I played this before Friday’s All Game Interactive and I just got done filing the review. I need to own a PS3. I know we’re days away from Halo, but I just had to share. Part of me is surprised — I wasn’t expecting to enjoy the game as much as I did.
For the sake of archive purposes, I’m going to start slapping my reviews up here. Our system has a way of wiping them out after a while.
So, here’s the review for Heavenly Sword, coming in hard copy over the weekend:
Heres a great formula for success: When in doubt, get a smoking-hot redhead to kill lots of people with a sword.
Thats what I got when I unsheathed Heavenly Sword, a short, powerful experience that swarms the player with a combination of slashaway action, some gameplay innovation and cinematics fit for a Hollywood fantasy epic.
From the beginning, this Ninja Theory-designed project was being tagged as one of the must-have titles for the PlayStation 3. For the most part, this game lives up that billing.
You play the part of Nariko, a warrior maiden charged with protecting (and eventually wielding) the Heavenly Sword, a multifaceted blade that only a god is supposed to handle. If anyone else tries to use it, their life slips away. Naturally, armies of bad people want this thing, and it eventually falls to Nariko to destroy them all. And as players will find out, shes really REALLY good at it.
The only other character that whips more backside than Nariko is probably Kratos, the walking Spartan death-bringer from the God of War series. As many gamers have already pointed out, the furious combat and gameplay mechanics have led many to jokingly call this game Goddess of War or some other colorful names I probably cant put here.
Theres no getting around it if youve played God of War, then youll be well-prepared for some of the button-mashing chaos youll find here. You essentially have two attack buttons you can use to assemble some deadly, blood-spilling combos. Youll also run into plenty of timed-button sequences, either during boss fights or other times where Nariko has to pull off some eye-catching stuntwork (like running across a gigantic rope or hopping off a falling stone platform before it crashes).
However, despite those similarities, the game does a solid job of defining Nariko as a character through subtle wrinkles in gameplay and fighting style. Nariko is a more sophisticated fighter than Kratos the Heavenly Sword gives her command of several stances that have their own strengths and weaknesses during battle. She can split the sword in two for regular attacks, combine it for extra power, or break it up to attack multiple enemies.
Shes also adept at unleashing some wicked counter-attacks when she blocks. Time it right, and shell do everything from crack necks with her legs to launching an enemy across the room with a nasty kick to the groin.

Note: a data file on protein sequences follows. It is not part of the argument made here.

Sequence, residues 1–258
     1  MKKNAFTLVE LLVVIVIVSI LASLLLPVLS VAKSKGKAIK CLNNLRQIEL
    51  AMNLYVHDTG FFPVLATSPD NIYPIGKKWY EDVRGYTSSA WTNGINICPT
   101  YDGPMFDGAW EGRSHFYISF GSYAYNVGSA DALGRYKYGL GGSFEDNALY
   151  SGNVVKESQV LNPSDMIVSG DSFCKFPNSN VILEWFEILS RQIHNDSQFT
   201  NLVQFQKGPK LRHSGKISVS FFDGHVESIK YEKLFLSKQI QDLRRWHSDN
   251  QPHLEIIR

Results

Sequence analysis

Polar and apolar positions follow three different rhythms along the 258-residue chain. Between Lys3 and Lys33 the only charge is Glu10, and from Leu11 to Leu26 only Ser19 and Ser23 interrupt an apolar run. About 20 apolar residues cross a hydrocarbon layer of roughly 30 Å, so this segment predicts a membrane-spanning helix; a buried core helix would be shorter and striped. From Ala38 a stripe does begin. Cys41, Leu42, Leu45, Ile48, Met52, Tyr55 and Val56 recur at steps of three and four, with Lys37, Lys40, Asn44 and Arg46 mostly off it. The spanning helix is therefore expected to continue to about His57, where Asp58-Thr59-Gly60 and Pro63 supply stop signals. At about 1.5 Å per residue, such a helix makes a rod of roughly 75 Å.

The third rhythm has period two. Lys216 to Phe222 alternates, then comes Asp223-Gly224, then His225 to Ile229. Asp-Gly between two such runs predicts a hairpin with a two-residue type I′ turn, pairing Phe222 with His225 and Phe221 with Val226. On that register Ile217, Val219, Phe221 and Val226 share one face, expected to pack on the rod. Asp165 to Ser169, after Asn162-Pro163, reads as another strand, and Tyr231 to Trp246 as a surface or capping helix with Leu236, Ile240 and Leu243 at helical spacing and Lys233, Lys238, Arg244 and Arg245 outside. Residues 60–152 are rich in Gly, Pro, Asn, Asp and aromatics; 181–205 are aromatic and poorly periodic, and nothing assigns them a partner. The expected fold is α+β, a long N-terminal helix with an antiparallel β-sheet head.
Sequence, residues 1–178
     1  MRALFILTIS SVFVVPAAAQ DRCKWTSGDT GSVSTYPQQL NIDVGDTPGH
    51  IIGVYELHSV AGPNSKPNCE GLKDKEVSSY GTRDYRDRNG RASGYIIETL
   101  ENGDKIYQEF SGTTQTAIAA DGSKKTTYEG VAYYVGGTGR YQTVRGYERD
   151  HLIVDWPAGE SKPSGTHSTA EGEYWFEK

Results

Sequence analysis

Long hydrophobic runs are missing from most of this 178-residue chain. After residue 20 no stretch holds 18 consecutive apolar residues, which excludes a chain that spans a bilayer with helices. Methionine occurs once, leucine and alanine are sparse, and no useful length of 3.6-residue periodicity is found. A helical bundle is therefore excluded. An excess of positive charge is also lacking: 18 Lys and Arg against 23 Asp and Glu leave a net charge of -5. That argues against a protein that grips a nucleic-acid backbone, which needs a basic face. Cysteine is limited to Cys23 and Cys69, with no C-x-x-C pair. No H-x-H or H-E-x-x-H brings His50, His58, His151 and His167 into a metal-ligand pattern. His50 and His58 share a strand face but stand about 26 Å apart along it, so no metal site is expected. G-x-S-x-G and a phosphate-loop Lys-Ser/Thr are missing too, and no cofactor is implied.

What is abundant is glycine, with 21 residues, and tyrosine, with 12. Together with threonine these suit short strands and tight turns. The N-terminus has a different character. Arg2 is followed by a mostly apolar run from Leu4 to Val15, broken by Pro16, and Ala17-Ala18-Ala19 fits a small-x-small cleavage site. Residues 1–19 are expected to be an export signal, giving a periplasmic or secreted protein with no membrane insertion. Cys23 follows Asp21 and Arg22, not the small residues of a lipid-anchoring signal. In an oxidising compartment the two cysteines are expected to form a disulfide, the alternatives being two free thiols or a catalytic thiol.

Mastery of all these moves is essential to being effective in battle and also leads to some outstanding action sequences. One scene has Nariko fighting a bunch of her fellow clansmen, so she has the option of paralyzing them instead of killing them.
The Sixaxis function of the Sony controller gets plenty of work here as well. As the player, youll be asked to man catapults, shoot arrows or hurl bladed weapons. Using a feature the game calls aftertouch, the camera follows the projectile while you to steer it into the intended target. Its a cool feature in concept, but it was by far the most frustrating part of the game. It felt odd and not as responsive as it should have been, so I missed more than a share of targets at first. Plus, aftertouch seems to laugh at the laws of physics. It was just plain weird being able to make a cannonball actually curve upward after being fired, or make an arrow almost do a 180-degree turn.
You cant really avoid aftertouch either there are some missions and tasks that actually require it, so be prepared for some controller-hurling moments.
The most memorable parts of the game are the cinematic sequences. Simply put, they are on another level.
Andy Serkis (Gollum from Lord of the Rings) helped develop and write the characters, and the end result is some of the best voice work, dialogue and directing Ive ever seen in a game.
Serkis portrayal of the twisted King Bohan is very memorable (especially when it comes to facial expressions). I wanted to both laugh at him in addition to kill him. The first meeting between him and Nariko is one for the ages, when Nariko first draws out the Heavenly Sword.
Speaking of the heroine, Anna Torv does an outstanding job of bringing the Nariko character to life, giving her an elegant, simmering strength as opposed to Kratos oozing rage.
Overall, my time with Heavenly Sword was time will spent, and it made the 360 owner in me feel a twinge of jealousy.